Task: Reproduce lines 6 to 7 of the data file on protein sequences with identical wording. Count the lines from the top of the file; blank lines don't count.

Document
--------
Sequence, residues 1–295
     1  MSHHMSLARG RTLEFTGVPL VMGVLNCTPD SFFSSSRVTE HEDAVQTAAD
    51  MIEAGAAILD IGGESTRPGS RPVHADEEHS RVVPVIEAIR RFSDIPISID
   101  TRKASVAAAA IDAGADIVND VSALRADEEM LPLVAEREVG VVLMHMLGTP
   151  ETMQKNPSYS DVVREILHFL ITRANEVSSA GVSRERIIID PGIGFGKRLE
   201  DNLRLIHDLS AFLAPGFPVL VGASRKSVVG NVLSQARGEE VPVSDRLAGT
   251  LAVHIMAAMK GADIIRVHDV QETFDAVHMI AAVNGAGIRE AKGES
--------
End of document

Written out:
   201  DNLRLIHDLS AFLAPGFPVL VGASRKSVVG NVLSQARGEE VPVSDRLAGT
   251  LAVHIMAAMK GADIIRVHDV QETFDAVHMI AAVNGAGIRE AKGES